Henning v. Madison County, Tennessee

1:19-cv-01301 | W.D. Tenn. | Feb 3, 2020


WESTERN DISTRICT OF TENNESSEE EASTERN DIVISION JOHNNY M. HENNING, ) ) Plaintiff, ) ) VS. ) No. 19-1301-JDT-cgc ) MADISON COUNTY, TENNESSEE, ) ) Defendant. ) ORDER GRANTING MOTION TO AMEND, DISMISSING CASE, CERTIFYING AN APPEAL WOULD NOT BE TAKEN IN GOOD FAITH AND NOTIFYING PLAINTIFF OF APPELLATE FILING FEE On January 15, 2020, the Court dismissed the pro se prisoner complaint Plaintiff Johnny M. Henning filed against Madison County, Tennessee, but allowed him to file an amended complaint. (ECF No. 7.) Henning timely filed a motion to amend, (ECF No. 8), which is GRANTED. The amendment is before the Court for screening.

In his amendment, Henning states he is “suing the Madison County T.N. Mayor, and all other government official[s].” ( Id. at PageID 25.) However, he does not identify any of these government officials; therefore, they are not proper defendants. [1] Henning alleges that his rights under the Tennessee Constitution have been violated because the Madison County Criminal Justice Complex (CJC) is an “unfit building fester[ing] with mold, and mildew.” ( Id. ) He alleges this amounts to cruel and unusual punishment and further states, “[i]n the Bible, in the book of Levitic[u]s 14:33-47 God gives instructions on mold and mildew. There’s no Law Higher than God Law.” ( Id. ) Henning asks for monetary compensation of $5 million dollars “for the declining of my health due to the mold.” ( Id. )

The legal standards for assessing the claims in an inmate’s complaint were set forth in the prior order of dismissal, (ECF No. 7 at PageID 20-21), and will not be reiterated here.

For the same reasons discussed in the prior order, Henning’s amended complaint fails to state a claim. As the Court noted, ( id. at PageID 21), there is no private right of action for damages under the Tennessee Constitution. See Bowden Bldg. Corp. v. Tenn. Real Estate Comm’n , 15 S.W.3d 434, 444-45 (Tenn. Ct. App. 1999). Again construing his claims as brought under 42 U.S.C. § 1983, Henning also fails to sufficiently identify any responsible party who may be sued under that provision. As previously stated, (ECF No. 7 at PageID 21-22), Madison County may not be held liable under § 1983 unless Henning sustained an injury due to an unconstitutional custom or policy of the County. See Monell v. Dep’t. of Soc. Serv. , 436 U.S. 658, 691-92 (1978). However, he does not allege that a Madison County policy is responsible for the conditions at the CJC.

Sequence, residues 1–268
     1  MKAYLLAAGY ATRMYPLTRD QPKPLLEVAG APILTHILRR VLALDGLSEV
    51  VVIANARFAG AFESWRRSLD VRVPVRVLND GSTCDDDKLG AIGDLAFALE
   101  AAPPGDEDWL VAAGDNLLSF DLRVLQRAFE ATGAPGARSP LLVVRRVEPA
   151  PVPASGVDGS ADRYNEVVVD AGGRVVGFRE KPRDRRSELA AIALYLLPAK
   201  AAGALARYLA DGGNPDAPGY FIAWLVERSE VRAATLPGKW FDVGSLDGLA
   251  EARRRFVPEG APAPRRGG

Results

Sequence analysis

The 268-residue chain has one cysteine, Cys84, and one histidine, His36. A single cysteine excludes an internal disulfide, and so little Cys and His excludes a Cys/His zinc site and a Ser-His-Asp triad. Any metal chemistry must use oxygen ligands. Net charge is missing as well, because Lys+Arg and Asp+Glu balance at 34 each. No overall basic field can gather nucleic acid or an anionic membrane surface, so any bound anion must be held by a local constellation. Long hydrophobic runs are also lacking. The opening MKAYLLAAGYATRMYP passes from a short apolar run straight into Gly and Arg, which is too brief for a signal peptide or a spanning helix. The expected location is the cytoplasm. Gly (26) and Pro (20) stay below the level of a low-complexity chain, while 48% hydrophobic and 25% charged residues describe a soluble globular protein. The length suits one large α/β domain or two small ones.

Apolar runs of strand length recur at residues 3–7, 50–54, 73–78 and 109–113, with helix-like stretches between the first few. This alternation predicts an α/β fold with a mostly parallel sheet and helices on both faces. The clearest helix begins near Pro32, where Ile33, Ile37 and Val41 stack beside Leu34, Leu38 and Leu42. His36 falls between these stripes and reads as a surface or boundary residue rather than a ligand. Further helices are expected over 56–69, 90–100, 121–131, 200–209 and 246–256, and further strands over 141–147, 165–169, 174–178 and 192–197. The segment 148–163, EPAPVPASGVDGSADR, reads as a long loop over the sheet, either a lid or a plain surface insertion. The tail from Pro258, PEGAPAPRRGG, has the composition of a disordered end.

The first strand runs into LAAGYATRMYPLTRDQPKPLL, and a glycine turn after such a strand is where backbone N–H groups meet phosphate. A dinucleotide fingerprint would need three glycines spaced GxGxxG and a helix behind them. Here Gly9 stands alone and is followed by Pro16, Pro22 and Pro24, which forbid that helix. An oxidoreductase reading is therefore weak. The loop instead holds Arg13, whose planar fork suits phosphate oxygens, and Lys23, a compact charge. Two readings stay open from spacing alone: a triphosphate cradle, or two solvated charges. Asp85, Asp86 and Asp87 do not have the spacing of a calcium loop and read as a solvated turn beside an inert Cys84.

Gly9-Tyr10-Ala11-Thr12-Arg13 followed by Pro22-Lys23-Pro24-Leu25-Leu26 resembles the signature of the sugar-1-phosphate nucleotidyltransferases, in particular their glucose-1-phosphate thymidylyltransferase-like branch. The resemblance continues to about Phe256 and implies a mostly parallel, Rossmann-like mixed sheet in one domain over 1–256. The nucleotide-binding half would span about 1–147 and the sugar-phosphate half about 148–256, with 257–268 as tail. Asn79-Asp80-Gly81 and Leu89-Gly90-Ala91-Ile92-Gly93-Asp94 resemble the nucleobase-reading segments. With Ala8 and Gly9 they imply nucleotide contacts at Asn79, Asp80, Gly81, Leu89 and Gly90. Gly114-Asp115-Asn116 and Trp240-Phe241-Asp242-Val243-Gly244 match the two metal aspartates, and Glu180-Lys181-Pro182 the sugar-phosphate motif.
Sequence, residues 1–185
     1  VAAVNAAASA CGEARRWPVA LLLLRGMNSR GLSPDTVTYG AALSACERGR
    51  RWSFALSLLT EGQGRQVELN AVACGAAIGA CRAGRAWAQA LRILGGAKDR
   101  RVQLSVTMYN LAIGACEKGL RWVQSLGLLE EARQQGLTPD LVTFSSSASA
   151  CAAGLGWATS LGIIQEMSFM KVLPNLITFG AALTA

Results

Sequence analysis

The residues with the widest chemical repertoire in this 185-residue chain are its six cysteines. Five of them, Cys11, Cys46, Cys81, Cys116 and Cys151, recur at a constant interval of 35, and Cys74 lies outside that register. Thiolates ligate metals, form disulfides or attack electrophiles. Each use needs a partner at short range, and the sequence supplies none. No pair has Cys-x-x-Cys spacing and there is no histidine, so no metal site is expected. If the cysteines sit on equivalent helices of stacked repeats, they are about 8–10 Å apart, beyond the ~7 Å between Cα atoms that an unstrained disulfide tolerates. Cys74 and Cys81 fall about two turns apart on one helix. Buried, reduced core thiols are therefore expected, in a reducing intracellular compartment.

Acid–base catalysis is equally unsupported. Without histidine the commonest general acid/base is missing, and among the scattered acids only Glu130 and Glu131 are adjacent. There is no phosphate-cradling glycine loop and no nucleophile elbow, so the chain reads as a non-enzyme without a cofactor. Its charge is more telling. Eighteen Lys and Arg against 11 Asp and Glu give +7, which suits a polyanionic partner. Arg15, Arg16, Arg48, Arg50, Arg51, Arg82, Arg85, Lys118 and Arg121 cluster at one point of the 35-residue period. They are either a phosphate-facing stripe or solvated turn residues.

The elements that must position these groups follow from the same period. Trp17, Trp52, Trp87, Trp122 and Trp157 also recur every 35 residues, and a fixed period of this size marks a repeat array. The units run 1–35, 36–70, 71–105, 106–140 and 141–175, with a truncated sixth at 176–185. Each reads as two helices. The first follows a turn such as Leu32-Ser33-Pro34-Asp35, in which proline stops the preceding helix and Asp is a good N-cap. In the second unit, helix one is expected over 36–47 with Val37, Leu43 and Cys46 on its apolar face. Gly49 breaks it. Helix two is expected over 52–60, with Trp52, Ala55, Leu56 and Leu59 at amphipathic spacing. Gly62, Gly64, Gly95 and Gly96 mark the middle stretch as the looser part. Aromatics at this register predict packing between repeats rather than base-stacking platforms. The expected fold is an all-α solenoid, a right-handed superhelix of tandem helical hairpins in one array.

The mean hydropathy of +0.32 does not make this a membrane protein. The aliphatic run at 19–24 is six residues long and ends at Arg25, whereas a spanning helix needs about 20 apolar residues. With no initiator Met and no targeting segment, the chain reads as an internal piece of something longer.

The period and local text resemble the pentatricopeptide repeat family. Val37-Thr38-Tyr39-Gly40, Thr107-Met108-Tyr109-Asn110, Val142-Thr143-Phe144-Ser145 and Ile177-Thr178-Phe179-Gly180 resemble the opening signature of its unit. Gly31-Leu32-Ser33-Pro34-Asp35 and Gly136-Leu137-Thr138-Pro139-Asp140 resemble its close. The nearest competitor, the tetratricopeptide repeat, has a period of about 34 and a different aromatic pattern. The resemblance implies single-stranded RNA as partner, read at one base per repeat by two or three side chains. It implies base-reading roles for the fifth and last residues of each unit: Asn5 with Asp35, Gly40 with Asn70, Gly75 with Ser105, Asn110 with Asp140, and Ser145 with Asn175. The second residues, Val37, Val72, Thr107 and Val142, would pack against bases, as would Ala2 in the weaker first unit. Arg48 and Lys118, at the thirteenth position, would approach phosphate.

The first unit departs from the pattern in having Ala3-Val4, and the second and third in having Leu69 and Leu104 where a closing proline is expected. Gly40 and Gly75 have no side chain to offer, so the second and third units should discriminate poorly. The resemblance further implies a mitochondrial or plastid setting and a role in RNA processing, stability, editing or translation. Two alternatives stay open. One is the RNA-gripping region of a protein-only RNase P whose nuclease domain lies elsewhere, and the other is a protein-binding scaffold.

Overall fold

Even if Henning had sufficiently identified and named any individual Madison County “government officials,” he has not alleged how any of them are personally responsible for the conditions at the CJC. “[A] plaintiff must plead that each Government- official defendant, through the official’s own individual actions, has violated the Constitution.” Ashcroft v. Iqbal , 556 U.S. 662, 676 (2009). A government official who is aware of the unconstitutional conduct of his subordinates but fails to act generally cannot be held liable in his individual capacity. Grinter v. Knight , 532 F.3d 567, 575-76 (6th Cir. 2008); Gregory v. City of Louisville , 444 F.3d 725, 751 (6th Cir. 2006).

Additionally, though Henning asks for compensation for his declining health, he does not include any details about how his health has been adversely affected by the mold. For these reasons, the Court finds that Henning’s amended complaint also fails to state a claim on which relief can be granted. Therefore, this case is DISMISSED in its entirety pursuant to 28 U.S.C. §§ 1915(e)(2)(B)(ii) and 1915A(b)(1). Leave to further amend is DENIED.

Pursuant to Federal Rule of Appellate Procedure 24(a) and 28 U.S.C. § 1915(a)(3), the Court must also consider whether an appeal by Henning in this case would be taken in good faith. The good faith standard is an objective one. Coppedge v. United States , 369 U.S. 438, 445 (1962). The same considerations that lead the Court to dismiss this case for failure to state a claim also compel the conclusion that an appeal would not be taken in good faith. Therefore, it is CERTIFIED that any appeal in this matter by Henning would not be taken in good faith.

The Court must also address the assessment of the $505 appellate filing fee if Henning nevertheless appeals the dismissal of this case. A certification that an appeal is not taken in good faith does not affect an indigent prisoner plaintiff’s ability to take advantage of the installment procedures in the Prison Litigation Reform Act (PLRA), 28 U.S.C. §§ 1915(a)-(b). See McGore v. Wrigglesworth , 114 F.3d 601, 610-11 (6th Cir. 1997), partially overruled on other grounds by LaFountain v. Harry , 716 F.3d 944, 951 (6th Cir. 2013). McGore sets out specific procedures for implementing the PLRA. Therefore, Henning is instructed that if he wishes to take advantage of the installment method for paying the appellate filing fee, he must comply with the PLRA and McGore by filing an updated in forma pauperis affidavit and a current, certified copy of his inmate trust account statement for the last six months.

For analysis under 28 U.S.C. § 1915(g) of future filings, if any, by Henning, this is the first dismissal of one of his cases as frivolous or for failure to state a claim. This strike shall take effect when judgment is entered. See Coleman v. Tollefson , 135 S. Ct. 1759, 1763-64 (2015).

The Clerk is directed to prepare a judgment.


s/ James D. Todd




[1] Service of process cannot be made on unidentified parties, and the filing of a complaint against such unknown defendants does not toll the running of the statute of limitation. See Wiggins v. Kimberly-Clark Corp. , 641 F. App’x 545, 548-49 (6th Cir. 2016) (“The Sixth Circuit treats naming a specific individual in place of a John Doe as joinder of a new party.” (citation omitted)).